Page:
• Stage IV: This stage (also known as “advanced cancer” or “metastatic cancer”) means the cancer has spread to other parts of the body (T1-T4, N1-N3, M1).

Are There 4 or 5 Cancer Stages?

Most types of cancer are defined by one of four stages, but there are exceptions. The Wilms tumor, for example, is given 5 stages.

Cancer Restaging

The cancer stage never changes after diagnosis, which helps doctors understand the progression of the cancer and the patient’s medical progress.

However, doctors can restage the cancer if it spreads or returns, noted by a small “r” in the TNM stage. For example, a restaged cancer might be described as T2 rN1 M1.

Other Factors Used in Cancer Staging

The TNM staging system is not used for all types of cancer. Alternative staging systems may be used for:

  • Childhood Cancers: Childhood cancers use staging systems that are specific to that form of cancer.
  • Blood Cancers: Blood cancers like leukemia, lymphoma, and multiple myeloma do not form solid tumors, so they don’t use the TNM system. Each type of blood cancer uses its own type of staging system. An example similar to the TNM staging is the Ann Arbor staging system which is used for lymphomas.
  • Central Nervous System Tumors: Brain tumors don’t typically spread outside the brain or spinal cord..

Doctors may also include additional categories in a cancer stage, such as:

  • Grades: Grade (denoted by the letter G) describes how similar the cancerous cells look to healthy cells. Cancer cells that look more similar to healthy tissues are called low-grade, while cancer cells that look very different from healthy cells are called high-grade. High-grade cancers tend to spread more quickly.
  • Biomarkers: Biomarkers are substances found in the cancer that occur in unusually high levels. These may indicate how likely it is the cancer will spread quickly.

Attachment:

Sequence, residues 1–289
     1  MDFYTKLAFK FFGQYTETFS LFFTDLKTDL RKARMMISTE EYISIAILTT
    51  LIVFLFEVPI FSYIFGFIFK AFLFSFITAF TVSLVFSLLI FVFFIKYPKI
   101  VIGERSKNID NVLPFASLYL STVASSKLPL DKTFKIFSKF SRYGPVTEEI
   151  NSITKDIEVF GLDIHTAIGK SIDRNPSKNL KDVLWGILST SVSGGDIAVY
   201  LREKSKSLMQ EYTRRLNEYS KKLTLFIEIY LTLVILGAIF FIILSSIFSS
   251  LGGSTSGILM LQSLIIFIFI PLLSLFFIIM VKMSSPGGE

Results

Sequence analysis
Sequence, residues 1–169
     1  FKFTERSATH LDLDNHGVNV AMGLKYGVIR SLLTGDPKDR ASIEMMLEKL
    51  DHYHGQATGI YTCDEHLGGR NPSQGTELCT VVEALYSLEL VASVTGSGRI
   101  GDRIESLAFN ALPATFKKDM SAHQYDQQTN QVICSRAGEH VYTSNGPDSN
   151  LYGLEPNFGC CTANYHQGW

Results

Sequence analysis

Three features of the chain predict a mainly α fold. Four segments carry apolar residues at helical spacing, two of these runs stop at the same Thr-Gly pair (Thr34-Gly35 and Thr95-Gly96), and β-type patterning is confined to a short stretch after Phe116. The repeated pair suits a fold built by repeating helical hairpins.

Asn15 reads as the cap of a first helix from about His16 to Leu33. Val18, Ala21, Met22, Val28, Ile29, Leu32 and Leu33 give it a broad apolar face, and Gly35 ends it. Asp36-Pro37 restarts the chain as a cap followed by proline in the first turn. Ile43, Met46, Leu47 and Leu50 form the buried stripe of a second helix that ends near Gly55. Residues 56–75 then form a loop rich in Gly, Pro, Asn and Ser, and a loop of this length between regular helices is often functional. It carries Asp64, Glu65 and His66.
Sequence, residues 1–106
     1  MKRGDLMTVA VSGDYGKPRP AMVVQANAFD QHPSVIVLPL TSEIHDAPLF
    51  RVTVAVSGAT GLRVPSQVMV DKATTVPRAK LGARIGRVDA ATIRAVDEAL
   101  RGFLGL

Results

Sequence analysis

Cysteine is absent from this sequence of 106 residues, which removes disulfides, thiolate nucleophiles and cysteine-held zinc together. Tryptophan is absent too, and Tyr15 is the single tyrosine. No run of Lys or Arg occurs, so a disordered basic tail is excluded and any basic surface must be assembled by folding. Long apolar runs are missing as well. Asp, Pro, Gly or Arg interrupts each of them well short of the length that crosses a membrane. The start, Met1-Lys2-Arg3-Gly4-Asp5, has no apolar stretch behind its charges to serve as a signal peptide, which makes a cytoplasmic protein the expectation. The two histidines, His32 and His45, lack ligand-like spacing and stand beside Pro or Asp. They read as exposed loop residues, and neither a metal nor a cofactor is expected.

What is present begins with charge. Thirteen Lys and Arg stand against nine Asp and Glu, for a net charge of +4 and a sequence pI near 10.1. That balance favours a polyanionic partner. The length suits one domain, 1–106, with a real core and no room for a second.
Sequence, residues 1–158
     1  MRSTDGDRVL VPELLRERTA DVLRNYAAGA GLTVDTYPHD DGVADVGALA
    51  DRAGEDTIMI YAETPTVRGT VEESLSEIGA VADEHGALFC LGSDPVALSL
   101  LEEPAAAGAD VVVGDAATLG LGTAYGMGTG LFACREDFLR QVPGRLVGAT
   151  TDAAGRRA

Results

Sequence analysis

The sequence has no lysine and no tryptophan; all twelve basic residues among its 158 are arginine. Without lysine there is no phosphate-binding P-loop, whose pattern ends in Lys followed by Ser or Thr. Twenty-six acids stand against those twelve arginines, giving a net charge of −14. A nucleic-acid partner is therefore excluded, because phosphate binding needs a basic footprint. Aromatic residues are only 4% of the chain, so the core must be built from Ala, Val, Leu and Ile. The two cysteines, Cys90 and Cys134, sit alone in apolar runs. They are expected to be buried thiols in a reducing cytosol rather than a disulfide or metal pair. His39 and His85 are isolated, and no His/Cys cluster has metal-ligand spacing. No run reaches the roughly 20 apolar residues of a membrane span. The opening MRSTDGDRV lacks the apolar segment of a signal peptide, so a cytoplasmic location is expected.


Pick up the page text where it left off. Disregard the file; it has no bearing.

• Tumor Genetics: Doctors may do genetic testing on a tumor to try and predict whether or not the cancer will spread and which treatment methods may be most effective.

At What Stage of Cancer is Chemotherapy Done?

Chemotherapy may be done at any stage of cancer. The treatment methods recommended by your doctor will vary depending on which type of cancer you have and what your cancer stage is.

Understanding Your Cancer Prognosis

You may feel nervous or upset after receiving your cancer stage, but it’s important to remember that staging is only one of many different factors that may impact your prognosis. Your age, cancer grade, cancer location, and lifestyle choices during treatment may also impact how well your body responds to cancer treatment.

That being said, it’s always best to begin treating cancer at its earliest stages, when there’s a smaller number of cancerous cells to deal with. A cancer screening can detect cancer in its early stages, in some cases before it even causes symptoms. Speak with your doctor about getting a cancer screening if you’re at higher-risk of developing any particular type of cancer.

Unfortunately, there’s no cure for metastatic cancer, but medical researchers are constantly testing new types of treatment methods. They rely on cancer research donations to fund clinical trials and develop new medications, which is why these donations are so important.